Course Spotlight: ENG1DAs Elyse Gosselin was writing our Grade 9 English course, she discovered incredible avenues to provide students with opportunities to grow deeper in their faith. She built this course with two main objectives:

  • To develop the oral communication, reading, writing, and media literacy skills that our CVS students need for success in their secondary school academic programs and in their daily lives. 
  • To give students an opportunity to grow deeper in their faith while giving them the skills needed to approach texts with a Christian worldview and critical eye.  

In this course, students analyze and create texts using the Scripture as their compass. The hope is that as students learn important academic skills, they will also be inspired, strengthen their beliefs, and grow in their personal faith. 

Course Highlights

Course Breakdown

This course is divided into five units, all with different themes connected to a Christian perspective. 

Unit 1 covers the basics of academic reading and writing. Reading comprehension strategies including active reading are discussed. Students also review the basics of sentence and paragraph composition, as well as the fundamentals of academic essay writing.  

Unit 2 gives students an opportunity to explore a collection of short pieces of writing – poems, psalms, short stories, myths, and songs. As a Christian school, we have a unique opportunity to choose texts that are written by Christians or contain faith-based themes. Students analyze a psalm as part of their study of poetry, and read a short story written by Christian author, Max Lucado, as part of their discussion on short stories. Students are encouraged to look closely at the themes and intended messages portrayed in these texts. Learning about various literary devices and analyzing these shorter texts will help to prepare students to utilize the same knowledge and skills for longer and more challenging texts.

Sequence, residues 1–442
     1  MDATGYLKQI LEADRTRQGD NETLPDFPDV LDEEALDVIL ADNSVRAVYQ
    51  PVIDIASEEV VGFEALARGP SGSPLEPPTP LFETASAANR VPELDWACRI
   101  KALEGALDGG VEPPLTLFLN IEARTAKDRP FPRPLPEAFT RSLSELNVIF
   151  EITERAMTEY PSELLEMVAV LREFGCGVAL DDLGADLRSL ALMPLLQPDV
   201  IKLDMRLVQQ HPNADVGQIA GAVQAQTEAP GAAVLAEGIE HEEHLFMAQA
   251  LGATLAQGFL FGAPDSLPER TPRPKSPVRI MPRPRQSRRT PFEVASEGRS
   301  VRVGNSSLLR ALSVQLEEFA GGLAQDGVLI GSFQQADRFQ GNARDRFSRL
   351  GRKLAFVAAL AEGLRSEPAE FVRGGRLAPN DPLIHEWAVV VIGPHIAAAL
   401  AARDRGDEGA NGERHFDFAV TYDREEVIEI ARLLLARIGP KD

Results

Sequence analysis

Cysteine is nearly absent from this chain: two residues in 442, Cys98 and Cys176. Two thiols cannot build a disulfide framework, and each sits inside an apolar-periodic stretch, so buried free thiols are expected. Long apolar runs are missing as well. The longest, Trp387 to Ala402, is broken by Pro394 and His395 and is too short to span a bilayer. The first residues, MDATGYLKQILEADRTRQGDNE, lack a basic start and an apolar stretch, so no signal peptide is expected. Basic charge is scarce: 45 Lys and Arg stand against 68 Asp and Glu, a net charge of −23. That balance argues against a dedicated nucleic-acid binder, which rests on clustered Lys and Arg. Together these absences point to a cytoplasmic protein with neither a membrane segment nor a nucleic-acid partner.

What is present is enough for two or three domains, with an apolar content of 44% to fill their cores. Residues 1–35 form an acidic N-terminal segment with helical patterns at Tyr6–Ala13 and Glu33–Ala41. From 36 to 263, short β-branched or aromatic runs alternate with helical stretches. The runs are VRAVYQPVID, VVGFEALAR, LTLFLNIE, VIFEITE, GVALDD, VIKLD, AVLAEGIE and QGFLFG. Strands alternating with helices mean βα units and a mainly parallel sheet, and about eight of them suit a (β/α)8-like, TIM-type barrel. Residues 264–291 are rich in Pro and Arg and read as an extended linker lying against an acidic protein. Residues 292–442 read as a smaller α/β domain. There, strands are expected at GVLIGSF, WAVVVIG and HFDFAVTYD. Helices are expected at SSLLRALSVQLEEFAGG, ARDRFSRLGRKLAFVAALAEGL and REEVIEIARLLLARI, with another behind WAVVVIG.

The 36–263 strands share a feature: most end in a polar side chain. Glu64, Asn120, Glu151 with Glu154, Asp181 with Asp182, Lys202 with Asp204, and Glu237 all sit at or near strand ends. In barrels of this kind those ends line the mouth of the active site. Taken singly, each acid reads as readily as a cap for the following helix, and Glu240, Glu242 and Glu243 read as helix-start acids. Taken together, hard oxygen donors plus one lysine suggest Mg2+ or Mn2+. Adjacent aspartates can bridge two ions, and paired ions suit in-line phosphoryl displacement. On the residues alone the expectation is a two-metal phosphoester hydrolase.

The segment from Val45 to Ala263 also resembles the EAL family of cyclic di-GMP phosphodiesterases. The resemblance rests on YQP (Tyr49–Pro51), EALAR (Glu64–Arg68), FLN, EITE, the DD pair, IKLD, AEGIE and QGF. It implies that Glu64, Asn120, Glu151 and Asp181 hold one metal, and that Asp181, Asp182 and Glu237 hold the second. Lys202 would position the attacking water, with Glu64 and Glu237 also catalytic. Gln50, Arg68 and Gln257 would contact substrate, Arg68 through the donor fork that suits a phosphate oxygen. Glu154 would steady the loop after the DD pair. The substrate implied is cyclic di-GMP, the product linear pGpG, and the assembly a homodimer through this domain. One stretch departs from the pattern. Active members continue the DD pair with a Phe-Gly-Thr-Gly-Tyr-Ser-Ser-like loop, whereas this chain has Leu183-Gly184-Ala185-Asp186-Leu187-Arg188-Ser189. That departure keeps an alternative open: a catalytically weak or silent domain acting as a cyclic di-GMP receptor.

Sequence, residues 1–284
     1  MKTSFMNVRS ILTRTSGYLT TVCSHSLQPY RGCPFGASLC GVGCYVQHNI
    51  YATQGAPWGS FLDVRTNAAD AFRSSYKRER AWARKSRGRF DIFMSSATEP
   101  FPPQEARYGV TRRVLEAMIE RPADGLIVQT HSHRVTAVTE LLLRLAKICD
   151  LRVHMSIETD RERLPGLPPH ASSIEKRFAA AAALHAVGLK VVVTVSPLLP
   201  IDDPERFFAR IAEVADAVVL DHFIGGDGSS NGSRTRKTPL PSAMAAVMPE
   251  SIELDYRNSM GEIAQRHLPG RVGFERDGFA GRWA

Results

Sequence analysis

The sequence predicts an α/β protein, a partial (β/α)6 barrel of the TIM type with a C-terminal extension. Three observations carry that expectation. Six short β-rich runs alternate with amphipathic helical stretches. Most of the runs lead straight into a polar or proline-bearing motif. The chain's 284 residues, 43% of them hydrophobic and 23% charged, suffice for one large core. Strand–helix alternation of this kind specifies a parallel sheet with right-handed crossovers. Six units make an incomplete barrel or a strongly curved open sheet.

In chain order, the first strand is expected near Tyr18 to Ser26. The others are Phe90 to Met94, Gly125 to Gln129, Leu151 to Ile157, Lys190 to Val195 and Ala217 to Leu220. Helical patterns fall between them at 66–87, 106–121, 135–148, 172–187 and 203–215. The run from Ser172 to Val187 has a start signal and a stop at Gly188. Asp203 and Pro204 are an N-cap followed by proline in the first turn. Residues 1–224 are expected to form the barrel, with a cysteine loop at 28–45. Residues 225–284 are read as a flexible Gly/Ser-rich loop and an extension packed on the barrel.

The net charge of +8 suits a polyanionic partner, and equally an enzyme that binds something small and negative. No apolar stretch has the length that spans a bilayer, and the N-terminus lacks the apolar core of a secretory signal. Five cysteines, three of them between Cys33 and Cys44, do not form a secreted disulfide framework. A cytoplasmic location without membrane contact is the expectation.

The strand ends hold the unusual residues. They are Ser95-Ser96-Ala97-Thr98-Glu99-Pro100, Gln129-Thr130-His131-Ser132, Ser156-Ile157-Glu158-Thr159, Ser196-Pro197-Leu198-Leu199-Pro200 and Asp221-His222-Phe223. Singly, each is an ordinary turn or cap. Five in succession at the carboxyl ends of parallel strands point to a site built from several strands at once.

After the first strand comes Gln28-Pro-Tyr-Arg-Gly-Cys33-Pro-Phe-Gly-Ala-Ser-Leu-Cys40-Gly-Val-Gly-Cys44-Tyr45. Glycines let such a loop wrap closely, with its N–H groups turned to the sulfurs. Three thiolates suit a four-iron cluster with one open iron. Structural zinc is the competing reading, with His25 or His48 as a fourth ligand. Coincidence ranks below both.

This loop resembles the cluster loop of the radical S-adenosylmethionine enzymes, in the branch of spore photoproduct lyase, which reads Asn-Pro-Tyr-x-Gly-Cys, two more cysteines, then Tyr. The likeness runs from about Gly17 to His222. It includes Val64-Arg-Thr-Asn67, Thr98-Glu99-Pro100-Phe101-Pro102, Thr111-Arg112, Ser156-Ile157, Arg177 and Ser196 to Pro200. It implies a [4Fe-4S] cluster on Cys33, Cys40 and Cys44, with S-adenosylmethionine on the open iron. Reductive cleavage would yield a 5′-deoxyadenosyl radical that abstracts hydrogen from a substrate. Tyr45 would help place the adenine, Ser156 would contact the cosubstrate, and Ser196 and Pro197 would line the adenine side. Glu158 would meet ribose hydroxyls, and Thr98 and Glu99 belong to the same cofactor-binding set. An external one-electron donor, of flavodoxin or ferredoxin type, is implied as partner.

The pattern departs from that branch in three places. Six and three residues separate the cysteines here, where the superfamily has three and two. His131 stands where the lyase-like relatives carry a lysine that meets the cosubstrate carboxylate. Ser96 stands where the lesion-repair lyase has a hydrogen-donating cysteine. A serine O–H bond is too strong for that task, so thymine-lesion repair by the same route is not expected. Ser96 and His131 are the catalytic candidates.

During Unit 3students will jump back in time to explore one of Shakespeare’s most well-known comedies: Twelfth Night. This play about love is set in a festive atmosphere when three couples are eventually brought together happily. While the events are somewhat humorous and everything turns out alright in the end, there are some valuable lessons to be learned about the fruits of folly and the risks of deception. Students compare the themes and events in the play against the truth of Scripture, and in the end, complete a culminating activity outlining the lessons that can be learned from the character’s experiences in the play.

Unit 4 dives into J.R.R. Tolkien’s world of Middle-earth as students study The Hobbit. This fantasy text follows a traditional quest structure, which provides plenty of opportunities for students to explore themes of growth, perseverance, courage, right and wrong, greed, and providence. Students discover how Tolkien’s Christian faith is quite evident upon a close reading of the themes and imagery he writes about.  

The final unit, Unit 5, gives students an opportunity to hone their communication skills. Students learn about listening, note-taking, and speaking skills, as well as presentation and media skills. Students have the opportunity to hear inspiring stories from amazing youth, and consider the impact that they can have as youth in this changing world.  The theme for this unit is based on 1 Timothy 4:12: “Don’t let anyone look down on you because you are young, but set an example for the believers in speech, in conduct, in love, in faith and in purity.  

At the end of the course, students will have the opportunity to reflect on their growth as readers and writers. Hopefully they will also consider how they have grown as Christians as well! To learn more about this course, you can view the course outline on our website.